I let that one guy ruin it for me.  One guy. Stupid me.

I continued to run, but by myself, maybe with my husband, or a family member.  Alone. No events no racing.  I have dropped off running twice now since then.  It has taken some time to realize that I have a love hate thing going on with running and exercise in general.  Love swimming.  Bicycling.  Running.  (Yes, I know there are triathlons out there.  I am toying with training for one. An easy one.  A slow mover friendly one. Will see.)


Cut to this year.  Back in the shoes again.  First race was in April.  I didn’t start training for it until March.  I finished. Dead last. One hour thirteen minutes and fifty-nine seconds. My husband who walked the whole thing with me, (I walked it didn’t run), placed second in his age.  The man can run circles around me.  He found it funny. I was relieved.  I mean, he stayed with me the whole race, of course the guy deserved a medal!  It was awesome. I hyperventilated the whole way.  Couldn’t run much.

I can’t run in a pack. I hate crowds. Stage fright way bad. That first race, stuck with me, standing at the finish line listening to the one loud jerk.

So I signed up for an endurance run.  Ten hours. Half mile horse track. With over two hundred other people.  Thinking?  If I put myself in the situation that I fear the most for the longest possible time available, I have to get over that fear, right?

So much for self diagnosis and treatment.  I nearly quit after seven miles, about halfway through the race.  So, I took a nap.  I wasn’t leaving the site until the end. I woke up to my friends, Melissa, Tammi,  Kristy and Maurica chatting outside my tent.

They didn’t push or prod. They ran their races. Worked towards their goals.  Talked about their issues and how they planned on dealing with the pain, the blisters, the pacing problems.  They made suggestions.  They shared their gear, food, water supply, chairs, etc.  They didn’t quit. They didn’t let each other quit.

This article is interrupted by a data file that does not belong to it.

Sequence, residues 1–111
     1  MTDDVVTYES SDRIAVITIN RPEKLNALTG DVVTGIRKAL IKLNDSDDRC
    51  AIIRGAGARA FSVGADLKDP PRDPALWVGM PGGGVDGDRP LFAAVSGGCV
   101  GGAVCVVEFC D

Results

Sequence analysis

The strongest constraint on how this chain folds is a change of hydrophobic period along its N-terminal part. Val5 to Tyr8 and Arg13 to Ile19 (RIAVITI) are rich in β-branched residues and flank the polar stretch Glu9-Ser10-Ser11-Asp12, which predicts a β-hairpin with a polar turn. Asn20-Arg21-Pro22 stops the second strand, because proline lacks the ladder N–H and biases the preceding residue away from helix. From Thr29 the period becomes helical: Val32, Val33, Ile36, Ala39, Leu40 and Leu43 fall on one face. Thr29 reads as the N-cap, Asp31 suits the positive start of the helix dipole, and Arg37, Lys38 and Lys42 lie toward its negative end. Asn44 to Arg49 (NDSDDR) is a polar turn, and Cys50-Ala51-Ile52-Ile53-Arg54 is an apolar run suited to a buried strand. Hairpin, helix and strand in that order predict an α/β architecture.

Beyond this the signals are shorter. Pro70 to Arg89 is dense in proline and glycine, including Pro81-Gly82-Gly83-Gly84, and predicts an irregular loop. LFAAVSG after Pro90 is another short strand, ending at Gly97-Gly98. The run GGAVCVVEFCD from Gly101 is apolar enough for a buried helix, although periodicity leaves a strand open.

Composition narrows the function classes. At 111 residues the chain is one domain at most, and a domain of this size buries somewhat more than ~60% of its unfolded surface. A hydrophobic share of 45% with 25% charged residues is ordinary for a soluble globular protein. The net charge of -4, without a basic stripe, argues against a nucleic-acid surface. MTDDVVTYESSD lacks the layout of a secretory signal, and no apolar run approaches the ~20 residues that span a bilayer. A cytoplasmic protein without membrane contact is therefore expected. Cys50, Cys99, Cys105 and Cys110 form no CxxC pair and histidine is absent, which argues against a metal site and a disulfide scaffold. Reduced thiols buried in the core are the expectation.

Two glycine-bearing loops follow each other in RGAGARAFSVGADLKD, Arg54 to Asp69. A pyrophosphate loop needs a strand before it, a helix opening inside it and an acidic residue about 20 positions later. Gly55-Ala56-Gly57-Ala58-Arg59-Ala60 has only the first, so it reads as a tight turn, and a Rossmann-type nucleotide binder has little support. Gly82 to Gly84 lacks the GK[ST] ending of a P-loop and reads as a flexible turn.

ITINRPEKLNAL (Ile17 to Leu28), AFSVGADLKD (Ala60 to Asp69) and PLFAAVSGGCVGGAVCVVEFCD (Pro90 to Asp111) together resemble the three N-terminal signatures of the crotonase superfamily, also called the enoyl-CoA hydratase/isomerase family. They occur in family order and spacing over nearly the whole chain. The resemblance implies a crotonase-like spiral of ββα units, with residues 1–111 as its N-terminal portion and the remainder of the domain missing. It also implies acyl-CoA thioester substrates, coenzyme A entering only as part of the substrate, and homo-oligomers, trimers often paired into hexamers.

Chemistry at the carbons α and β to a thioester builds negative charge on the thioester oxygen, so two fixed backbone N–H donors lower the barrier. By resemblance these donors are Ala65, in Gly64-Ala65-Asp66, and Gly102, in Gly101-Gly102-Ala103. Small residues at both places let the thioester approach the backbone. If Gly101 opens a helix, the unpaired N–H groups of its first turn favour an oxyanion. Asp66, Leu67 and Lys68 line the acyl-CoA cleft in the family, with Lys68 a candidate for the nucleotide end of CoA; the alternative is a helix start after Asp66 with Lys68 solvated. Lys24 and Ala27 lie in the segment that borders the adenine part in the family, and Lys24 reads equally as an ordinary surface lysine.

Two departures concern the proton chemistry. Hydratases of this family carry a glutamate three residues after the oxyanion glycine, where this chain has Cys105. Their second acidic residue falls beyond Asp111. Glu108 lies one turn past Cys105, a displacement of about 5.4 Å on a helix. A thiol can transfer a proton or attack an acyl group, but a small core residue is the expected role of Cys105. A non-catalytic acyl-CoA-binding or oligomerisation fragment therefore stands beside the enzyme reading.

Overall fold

I didn’t quit.  It took a while and one of my buddies, Kristy,  stayed back with me for a while. She had met her goal.  We talked.  She helped me gear back up and get back out there for one more lap. One more half mile.

I made it. There was till nearly two hours left in the race.  A quick calculation walking from the timer chute to the track exit. Eleven more laps would meet my goal, that’s all I had to do.  Averaging 10 minutes a lap, yes, that meant 20 minute miles  Most anyone could do five and half miles in two hours.  I had a good friend walk six miles with me in two hours two weeks ago.  It was possible I could still end the race with goal in hand.

So, I walked.  One lap at a time.  One half mile closer at a time.

Then. Again. That one guy.

Only this guy, he was the big winner. Being walked in the last lap by family, three abroad. In front of me.  My last curve before the finish line.  How bad I wanted to run it. I had to get around that one guy.  The fast guy. The guy that had gone farther.  The Man.

I debated the whole last straightway.  Do I say something? I didn’t know if I had the energy burst to go out and up the track to get around.  I mean, I hadn’t trained to run a half marathon.  I had been barely trained for a 5K.  We were in the single digit minutes counting down to hour ten, I couldn’t see the time until after I was out of the curve. Was I willing to be the jerk or just let it go?

I was the jerk.

I said, “Excuse me!”


“I need to get around.  I know this is your race and I am not in your league, but I want to finish and make my goal. So sorry.”

I almost stopped running when I heard his reply.

“Go on. This isn’t my race.  My race is over.  This is your race. Finish it!”

I could have cried, except I had to finish the race.

I made my goal.  In ten hours. With a nap.

I ran with a pack of people.  Sure, there are going to be jerks. They are everywhere in everything, as my friend pointed out after the race.  BUT, for every one of those, there is at least one, if not ten, that aren’t.